From Sauna to Sleep: How Infrared Saunas Improve Sleep
Infrared saunas take a traditional remedy and amp it up with the latest technological innovations. In essence, infrared saunas use electromagnetic energy to heat the body up, stimulate healing, and energize the cells. They’re typically known for helping with weight regulation and detoxification, but their benefits are far-reaching. Regular infrared saunas are amazing for de-stressing and helping you get a great night’s sleep.
Here’s how infrared saunas get you asleep faster than you can say electromagnetic wavelengths!
When you have muscle soreness – either tight legs from a good hike, sore arms from moving house, or simply a stiff neck from working on your laptop – a warm bath feels like heaven. That’s because the heat promotes circulation to the area, bringing in essential nutrients for repair, and taking away waste. Infrared saunas take this principle to a new level by using wavelengths to deliver a more penetrating heat to the body. Although it may not feel as hot, infrared saunas raise body temperature, improve circulation,1-2 and reduce muscle soreness3 to help you relax for bed.
Infrared saunas increase body temperature…well, obviously. But why does that help with sleep? The principle behind this is the same as the sleep-inducing effects of a warm shower. The process of increasing body temperature, stimulating sweating, and thereby cooling the body off helps signal to the body that it’s time for sleep. Our sleep-wake cycle is controlled largely by our external environment; the rise and fall of the sun, but also the rise and fall of the temperature over the day. Getting the body warm to stimulate cooling can be seen as a trick to make the body think the temperature is cooler, and it is time to hop into bed.4
Sweating isn’t just for cooling off. Studies show that sweating is an effective detoxification process and can help eliminate dangerous heavy metals like lead, mercury, arsenic and cadmium from the body.5 Pulling heavy metals out from our tissues, processing them, and then excreting them is a tiring process for the body. Although infrared saunas are more mild compared to treatments like medical chelation therapy, detoxification can cause you to feel sleepy, heavy, and ready for a long sleep.
Dr Myers, New York Times bestselling author and internationally acclaimed functional medicine physician, explains, “Infrared sauna therapy promotes relaxation by helping to balance your body’s level of cortisol, your body’s primary stress hormone. The heat generated by the sauna will also help to relax muscles and relieve tension throughout the body, allowing you to relax and de-stress.”6 Cortisol is our stress hormone but it also works antagonistically with melatonin to control our sleep-wake cycle. High cortisol helps to make us feel awake and alert in the morning but unfortunately, our high stress lifestyles can lead to chronically high and imbalanced cortisol, stopping us from getting a good night’s sleep. Infrared saunas help combat your stressful lifestyle so you can work hard, play hard, and sleep hard!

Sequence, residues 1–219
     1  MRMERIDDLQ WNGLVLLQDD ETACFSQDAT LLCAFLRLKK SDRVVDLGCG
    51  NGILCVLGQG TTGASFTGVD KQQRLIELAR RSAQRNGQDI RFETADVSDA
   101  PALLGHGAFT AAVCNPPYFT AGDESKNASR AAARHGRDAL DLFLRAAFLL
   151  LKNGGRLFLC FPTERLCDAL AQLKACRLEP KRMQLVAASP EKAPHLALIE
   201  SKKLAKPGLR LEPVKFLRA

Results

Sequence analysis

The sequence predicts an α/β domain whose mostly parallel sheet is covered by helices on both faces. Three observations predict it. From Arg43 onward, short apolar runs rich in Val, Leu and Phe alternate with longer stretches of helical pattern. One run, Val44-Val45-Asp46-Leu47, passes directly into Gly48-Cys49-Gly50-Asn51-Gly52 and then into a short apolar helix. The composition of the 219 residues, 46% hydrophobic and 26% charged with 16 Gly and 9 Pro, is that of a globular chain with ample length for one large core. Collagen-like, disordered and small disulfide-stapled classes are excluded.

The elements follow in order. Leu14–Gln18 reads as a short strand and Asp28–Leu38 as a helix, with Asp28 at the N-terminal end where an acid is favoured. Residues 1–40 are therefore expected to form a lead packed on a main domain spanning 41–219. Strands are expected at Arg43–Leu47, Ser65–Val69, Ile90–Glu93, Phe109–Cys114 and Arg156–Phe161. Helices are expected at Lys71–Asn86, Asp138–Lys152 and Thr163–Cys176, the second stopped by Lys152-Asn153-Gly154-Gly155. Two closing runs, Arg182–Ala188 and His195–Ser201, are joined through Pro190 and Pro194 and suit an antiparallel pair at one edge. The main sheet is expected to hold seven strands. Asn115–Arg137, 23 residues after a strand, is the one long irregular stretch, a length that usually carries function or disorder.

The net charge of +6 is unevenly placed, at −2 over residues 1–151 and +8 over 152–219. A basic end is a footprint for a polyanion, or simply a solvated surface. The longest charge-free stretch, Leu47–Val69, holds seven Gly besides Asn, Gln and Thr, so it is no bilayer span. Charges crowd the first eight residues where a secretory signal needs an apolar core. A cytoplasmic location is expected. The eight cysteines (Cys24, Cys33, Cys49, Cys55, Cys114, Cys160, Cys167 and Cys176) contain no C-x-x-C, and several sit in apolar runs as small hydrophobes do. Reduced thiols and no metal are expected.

If you’re having any difficulties sleeping, today is the day to address them! Inadequate sleep quantity or quality is extremely detrimental on your physical and mental health. It makes us tired, unproductive, vulnerable to infection, irritable, anxious, can lead to hormonal imbalances and weight gain. Infrared saunas deliver wavelengths to relax muscles, raise body temperature, detox, and balance stress to support healthy sleep.
Contact us here to learn more about infrared saunas and supporting sleep.
- Ise, N., Katsuura, T., Kikuchi, Y., & Miwa, E. (1987). Effect of far-infrared radiation on forearm skin blood flow. The Annals of physiological anthropology = Seiri Jinruigaku Kenkyukai kaishi, 6(1), 31–32. https://doi.org/10.2114/ahs1983.6.31
- Akasaki, Y., Miyata, M., Eto, H., Shirasawa, T., Hamada, N., Ikeda, Y., Biro, S., Otsuji, Y., & Tei, C. (2006). Repeated thermal therapy up-regulates endothelial nitric oxide synthase and augments angiogenesis in a mouse model of hindlimb ischemia. Circulation journal : official journal of the Japanese Circulation Society, 70(4), 463–470. https://doi.org/10.1253/circj.70.463
- Aiyegbusi Ayoola I, Aturu Adebimpe J, Akinfeleye Adegoke M. (2016). A comparative study of the effects of infrared radiation and warm-up exercises in the management of DOMS. Journal of Clinical Sciences, 13(2), 77-81.
- Okamoto-Mizuno, K., & Mizuno, K. (2012). Effects of thermal environment on sleep and circadian rhythm. Journal of physiological anthropology, 31(1), 14. https://doi.org/10.1186/1880-6805-31-14
- Sears, M. E., Kerr, K. J., & Bray, R. I. (2012). Arsenic, cadmium, lead, and mercury in sweat: a systematic review. Journal of environmental and public health, 2012, 184745. https://doi.org/10.1155/2012/184745
Rachel Erwin, Nutritionist & Content Writer
Rachel is a Nutritionist with a BSc in Biology and Global Health from the University of Toronto, and a Postgraduate Diploma in Human Nutrition from the University of Ulster. She has counselled and educated clients in Hong Kong, whose health goals ranged from weight loss to detox and hormone balancing. Her love of writing led her to complete ‘Writing in the Sciences’, offered by Stanford University, and since then she has contributed several evidence-based health articles to various publications.